Monad transformers are the standard way to extend monads. The transformers package defines monad transformers.

`StateT`

, one of the representative monad transformers, has three parameters:

`newtype StateT s m a = StateT { runStateT :: s -> m (a, s) }`

The second parameter `m`

allows you to add a new type of effect while preserving
the original monad. This is characterised by `MonadTrans`

:

```
class MonadTrans t where
lift :: Monad m => m a -> t m a
instance MonadTrans (StateT s) where
lift m = StateT $ \s -> (\a -> (a, s)) <$> m
```

As a monad transformer stack gets deeper, it gets more inconvenient to apply
`lift`

s. mtl provides type classes
in order to avoid this.

`MonadState s`

is such a class; this is the class of monads which have an access
to a state `s`

.

```
class MonadState s m | m -> s where
get :: m s
put :: s -> m ()
state :: (s -> (a, s)) -> m a
```

`StateT s m`

is an instance of `MonadState s`

.

```
instance Monad m => MonadState s (StateT s m) where
get = StateT $ \s -> return (s, s)
put s = StateT $ const $ return ((), s)
...
```

Also, other monad transformers are also instances, when their inner monads are
`MonadState`

. Their methods are just `lift`

ed.

```
instance MonadState s m => MonadState (ReaderT r m) where
get = lift get
put = lift . put
instance (Monoid w, MonadState s m) => MonadState (WriterT w m) where
get = lift get
put = lift . put
```

This way you don't have to care about the number of `lift`

s, and you can define
polymorphic functions using these classes.

However, for library designers, this is a big pain. Basically this kind of class can be defined for each monad; this means adding a monad transformer has a quadratic development cost. It also makes packaging significantly harder.

## Extensible effects

Extensible effects is a solution to this problem. The extensible effects framework provides a monad parameterised by a type-level list of effects.

One recent implementation is freer-effects.

In this framework, you don't have to deal with other monads in order to define a new type of effect.

`send`

makes a big difference; it can be thought of as universal `lift`

.
As long as `t`

is a member of `r`

, you can embed an action to `Eff`

.

`send :: Member t r => t v -> Eff r v`

A state monad can be defined as follows:

```
data State s v where
Get :: State s s
Put :: !s -> State s ()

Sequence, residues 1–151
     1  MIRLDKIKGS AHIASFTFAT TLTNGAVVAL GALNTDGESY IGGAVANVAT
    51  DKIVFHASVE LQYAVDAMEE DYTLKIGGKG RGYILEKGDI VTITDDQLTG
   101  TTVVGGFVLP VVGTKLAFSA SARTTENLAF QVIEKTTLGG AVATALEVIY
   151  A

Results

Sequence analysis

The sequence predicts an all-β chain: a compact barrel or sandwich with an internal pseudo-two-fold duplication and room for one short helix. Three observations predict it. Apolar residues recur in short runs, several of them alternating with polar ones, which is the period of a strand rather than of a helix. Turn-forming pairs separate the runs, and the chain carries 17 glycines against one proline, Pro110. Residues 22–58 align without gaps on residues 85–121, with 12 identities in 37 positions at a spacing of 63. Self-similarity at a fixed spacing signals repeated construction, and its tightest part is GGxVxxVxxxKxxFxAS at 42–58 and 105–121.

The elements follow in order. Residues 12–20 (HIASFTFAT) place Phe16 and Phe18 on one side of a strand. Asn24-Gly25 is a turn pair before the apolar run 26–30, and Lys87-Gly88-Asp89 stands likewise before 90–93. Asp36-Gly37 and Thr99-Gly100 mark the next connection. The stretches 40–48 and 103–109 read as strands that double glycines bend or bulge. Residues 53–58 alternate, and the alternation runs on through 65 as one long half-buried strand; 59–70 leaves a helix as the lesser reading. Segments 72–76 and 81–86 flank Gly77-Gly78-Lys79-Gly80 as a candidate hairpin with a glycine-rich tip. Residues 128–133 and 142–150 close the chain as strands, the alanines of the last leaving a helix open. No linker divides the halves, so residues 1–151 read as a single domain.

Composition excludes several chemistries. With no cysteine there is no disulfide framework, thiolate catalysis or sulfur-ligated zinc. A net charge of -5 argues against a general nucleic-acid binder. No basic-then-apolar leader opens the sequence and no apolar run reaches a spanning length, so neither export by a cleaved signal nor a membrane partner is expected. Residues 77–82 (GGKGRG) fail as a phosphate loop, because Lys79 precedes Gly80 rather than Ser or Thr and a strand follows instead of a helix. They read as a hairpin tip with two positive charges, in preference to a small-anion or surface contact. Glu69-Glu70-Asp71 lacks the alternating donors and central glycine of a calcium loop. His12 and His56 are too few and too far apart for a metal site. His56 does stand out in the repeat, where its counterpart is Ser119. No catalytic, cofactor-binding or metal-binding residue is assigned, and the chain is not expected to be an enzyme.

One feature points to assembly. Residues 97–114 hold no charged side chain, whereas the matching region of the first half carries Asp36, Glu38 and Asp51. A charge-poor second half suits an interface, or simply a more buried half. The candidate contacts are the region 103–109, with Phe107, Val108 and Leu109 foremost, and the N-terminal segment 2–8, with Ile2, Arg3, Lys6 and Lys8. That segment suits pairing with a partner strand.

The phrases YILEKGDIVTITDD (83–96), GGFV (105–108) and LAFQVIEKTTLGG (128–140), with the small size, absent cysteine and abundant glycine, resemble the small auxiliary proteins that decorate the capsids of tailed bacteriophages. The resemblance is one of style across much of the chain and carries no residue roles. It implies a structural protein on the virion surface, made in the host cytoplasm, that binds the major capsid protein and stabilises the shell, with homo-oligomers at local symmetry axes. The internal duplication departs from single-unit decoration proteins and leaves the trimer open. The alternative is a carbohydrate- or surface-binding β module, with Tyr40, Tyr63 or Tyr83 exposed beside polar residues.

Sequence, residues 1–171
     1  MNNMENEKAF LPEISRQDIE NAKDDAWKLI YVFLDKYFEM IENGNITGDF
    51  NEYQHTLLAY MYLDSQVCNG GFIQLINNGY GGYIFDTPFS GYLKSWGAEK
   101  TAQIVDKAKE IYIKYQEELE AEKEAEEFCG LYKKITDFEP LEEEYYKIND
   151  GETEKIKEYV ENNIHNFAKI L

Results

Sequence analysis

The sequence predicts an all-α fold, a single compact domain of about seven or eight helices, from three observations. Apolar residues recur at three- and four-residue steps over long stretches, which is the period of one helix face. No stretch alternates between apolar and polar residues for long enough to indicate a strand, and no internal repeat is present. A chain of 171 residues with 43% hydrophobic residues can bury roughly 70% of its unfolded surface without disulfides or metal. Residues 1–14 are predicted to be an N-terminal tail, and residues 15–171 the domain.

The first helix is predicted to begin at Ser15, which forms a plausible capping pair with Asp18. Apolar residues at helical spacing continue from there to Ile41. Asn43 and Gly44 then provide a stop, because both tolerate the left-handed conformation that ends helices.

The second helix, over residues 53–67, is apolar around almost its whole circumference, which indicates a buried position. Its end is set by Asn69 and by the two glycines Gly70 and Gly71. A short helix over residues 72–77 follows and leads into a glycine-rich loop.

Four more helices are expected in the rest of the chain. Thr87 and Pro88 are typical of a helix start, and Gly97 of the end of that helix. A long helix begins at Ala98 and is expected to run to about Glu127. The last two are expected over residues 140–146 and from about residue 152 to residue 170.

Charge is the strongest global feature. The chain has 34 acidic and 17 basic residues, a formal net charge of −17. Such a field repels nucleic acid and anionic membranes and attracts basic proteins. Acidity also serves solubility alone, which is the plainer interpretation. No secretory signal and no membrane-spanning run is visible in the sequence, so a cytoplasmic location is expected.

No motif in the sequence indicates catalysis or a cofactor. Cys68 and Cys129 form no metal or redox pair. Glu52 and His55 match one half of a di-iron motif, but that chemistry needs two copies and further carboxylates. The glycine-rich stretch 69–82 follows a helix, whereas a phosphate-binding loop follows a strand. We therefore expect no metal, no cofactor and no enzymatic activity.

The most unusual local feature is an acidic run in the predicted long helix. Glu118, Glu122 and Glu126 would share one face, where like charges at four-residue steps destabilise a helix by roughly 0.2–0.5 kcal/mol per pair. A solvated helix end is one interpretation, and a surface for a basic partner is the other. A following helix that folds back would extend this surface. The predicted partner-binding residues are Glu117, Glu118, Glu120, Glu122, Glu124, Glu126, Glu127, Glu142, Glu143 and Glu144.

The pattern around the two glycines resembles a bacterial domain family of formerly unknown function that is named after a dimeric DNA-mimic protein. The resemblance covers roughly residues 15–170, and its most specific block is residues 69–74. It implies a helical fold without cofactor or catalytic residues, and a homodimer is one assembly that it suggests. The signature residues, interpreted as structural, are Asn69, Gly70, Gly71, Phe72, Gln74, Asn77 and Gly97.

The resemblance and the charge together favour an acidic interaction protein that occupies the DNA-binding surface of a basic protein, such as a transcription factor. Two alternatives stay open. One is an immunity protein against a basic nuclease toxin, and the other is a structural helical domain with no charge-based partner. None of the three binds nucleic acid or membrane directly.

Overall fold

get :: Member (State s) r => Eff r s
get = send Get
put :: Member (State s) r => s -> Eff r ()
put = send . Put
```

`handleRelayS`

decomposes `Eff`

in a stateful manner.

```
handleRelayS :: s
-> (s -> a -> Eff r w)
-> (forall v. s -> t v -> (s -> v -> Eff r w) -> Eff r w)
-> Eff (t ': r) a
-> Eff r w
```

The following example interprets the `State`

actions.

```
runState :: Eff (State s ': r) a -> s -> Eff r (a, s)
runState m s0 = handleRelayS s0 (\s a -> return (a, s))
(\s t k -> case t of
Get -> k s s
Put s' -> k s' ()) m
```

While this seems very good, it leaves one issue.

Unlike `MonadState`

, In a constraint `Member (State s) r`

, `r`

doesn't determine
the type of `s`

. This means that you can't use a polymorphic effect without a
type signature:

```
increment :: (Num a, Member (State a) r) => Eff r ()
increment = get >>= put . (+1)
```

This is annoying, and I think this is one reason why extensible effects are not popular.

## Named extensible effects

My extensible library solves this problem by giving names to effects.

```
liftEff :: forall s t xs a. Associate s t xs
=> Proxy s
-> t a
-> Eff xs a
```

`liftEff`

is like `send`

, but `Proxy s`

specifies the name. `Associate s t xs`

requires that the effect corresponding to name `s`

is `t`

in `xs`

. This version
doesn't suffer from the ambiguity problem because `s`

and `xs`

determines `t`

.

Various operations take names:

```
getEff :: forall k s xs. Associate k (State s) xs => Proxy k -> Eff xs s
putEff :: forall k s xs. Associate k (State s) xs => Proxy k -> s -> Eff xs ()
```

`Eff`

in `extensible`

is also an instance of `MonadState`

so you can simply write

```
increment :: (Num a, MonadState a m) => m ()
increment = get >>= put . (+1)
```

The equivalent of
`handleRelayS`

is `peelEff`

. Note that the order of arguments is different.

```
peelEff1 :: (a -> b -> Eff xs r) -- ^ return the result
-> (forall x. t x -> (x -> b -> Eff xs r) -> b -> Eff xs r) -- ^ Handle the foremost type of an action
-> Eff (k >: t ': xs) a -> b -> Eff xs r
peelEff1 = peelEff rebindEff1
```

Here's an example. You can use `TypeApplications`

extension to specify a name.

```
runStateEff :: forall k s xs a. Eff (k >: State s ': xs) a -> s -> Eff xs (a, s)
runStateEff = peelEff1 (\a s -> return (a, s))
(\m k s -> let (a, s') = runState m s in k a $! s')
```

It's also possible to handle multiple effects which have the same type.

```
{-# LANGUAGE DataKinds, FlexibleContexts, OverloadedLabels #-}
import Data.Extensible
test :: (Associate "foo" ((,) String) xs
, Associate "bar" ((,) String) xs) => Eff xs ()
test = do
tellEff #foo "Hello "
tellEff #bar "foo"
tellEff #foo "world"
tellEff #bar "bar"
```

```
> leaveEff $ runWriterEff @ "foo" $ runWriterEff @ "bar" test
(((),"foobar"),"Hello world")
```

## Performance

I did some benchmarks on RWS equivalents. Unfortunately, it's much slower than monad transformers.

## Conclusion

The idea of extensible effects is promising to avoid the issue of quadratic monad class instances. However, the performance is sluggish. For time being, there is a trade-off between convenience and performance.